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Trigonometry for Game Programming – SpriteKit and Swift Tutorial: Part 2/2

Learn trigonometry for game programming using SpriteKit and Swift. You will learn the theory and then practice using trigonometry by making a space shooter game!

This is a companion discussion topic for the original entry at https://www.raywenderlich.com/5505-trigonometry-for-game-programming-spritekit-and-swift-tutorial-part-2-2

When I use the orbit code, the object that I want to orbit around the circle does not move. What am I doing wrong?

@cinnastix Most likely that you aren’t using a component that changes as time passes. If you look at the updateOrbiter method in the tutorial, you’ll notice it take a parameter that increases as time passes. That value is used in the calculation to change the angle over time. Without this value changing, the object would remain in one spot.

This is great. Except, when I go the interactive circle link, it throws everything I learned off. Putting it at a 45 degree angle, it displays the cosine as the Blue line, and the sine as the green line. From what I thought after looking at the part 1 photos, when you use cosine, it returns the value of the opposite side. And as for sine, it returns the value of the adjacent side.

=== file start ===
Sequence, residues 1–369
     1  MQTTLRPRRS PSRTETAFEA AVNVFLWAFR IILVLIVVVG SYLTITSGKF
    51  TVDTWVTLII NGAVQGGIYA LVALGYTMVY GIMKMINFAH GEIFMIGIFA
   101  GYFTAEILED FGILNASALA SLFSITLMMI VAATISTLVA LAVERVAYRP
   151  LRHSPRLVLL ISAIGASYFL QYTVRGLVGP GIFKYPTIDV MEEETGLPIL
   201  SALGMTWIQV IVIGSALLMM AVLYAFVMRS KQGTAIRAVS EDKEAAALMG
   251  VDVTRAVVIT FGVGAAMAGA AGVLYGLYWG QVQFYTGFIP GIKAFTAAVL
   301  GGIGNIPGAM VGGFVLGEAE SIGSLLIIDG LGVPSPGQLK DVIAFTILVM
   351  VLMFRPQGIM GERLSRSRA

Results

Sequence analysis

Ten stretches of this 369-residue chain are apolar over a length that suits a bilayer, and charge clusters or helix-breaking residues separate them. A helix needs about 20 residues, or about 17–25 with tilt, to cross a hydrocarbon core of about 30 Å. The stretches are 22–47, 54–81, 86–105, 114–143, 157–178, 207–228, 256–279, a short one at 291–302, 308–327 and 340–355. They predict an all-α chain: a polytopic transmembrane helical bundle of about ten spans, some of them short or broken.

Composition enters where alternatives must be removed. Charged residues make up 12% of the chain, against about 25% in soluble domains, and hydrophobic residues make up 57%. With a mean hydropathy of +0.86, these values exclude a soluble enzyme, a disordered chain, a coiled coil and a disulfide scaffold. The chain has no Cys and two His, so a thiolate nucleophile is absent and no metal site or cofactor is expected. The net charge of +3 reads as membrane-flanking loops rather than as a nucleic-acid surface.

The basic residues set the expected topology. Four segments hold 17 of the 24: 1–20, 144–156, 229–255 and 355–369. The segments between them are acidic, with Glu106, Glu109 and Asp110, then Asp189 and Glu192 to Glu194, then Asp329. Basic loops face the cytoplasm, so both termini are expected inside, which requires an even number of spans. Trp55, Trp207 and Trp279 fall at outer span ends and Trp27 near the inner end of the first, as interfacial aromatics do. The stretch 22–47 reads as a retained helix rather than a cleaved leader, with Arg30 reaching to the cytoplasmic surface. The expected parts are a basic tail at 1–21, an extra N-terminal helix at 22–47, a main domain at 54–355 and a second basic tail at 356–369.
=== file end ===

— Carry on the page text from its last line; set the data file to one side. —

So which is right? Is the cosine the value of the blue line as it is in the interactive link, or is it the value of the opposite line like the photos say here?

Of course, when you Google you get the formula cos() = adj / hypotenuse

Go back and look again. :slight_smile:

For the figure with the sin, cos, and tan defined, the graphic is showing the two sides being used in orange, and the remaining unused side in blue.

sin(angle) = opposite / hypotenuse (opposite side and hypotenuse are orange)
cos(angle) = adjacent / hypotenuse (adjacent side and hypotenuse are orange)
tan(angle) = opposite / adjacent (opposite side and adjacent side are orange)

The graphic is a bit unusual; usually the hypotenuse is not emphasized like that. It is the case, though, that cos goes with adjacent, or the blue line in the interactive circle. You can also think of it as cos gives the X value, and sin gives the Y value, as long as the triangle is in the standard position.

I’ve wrapped my head around it. I get it, and it’s actually quite interesting! Thank you for replying.

This tutorial is more than six months old so questions are no longer supported at the moment for it. Thank you!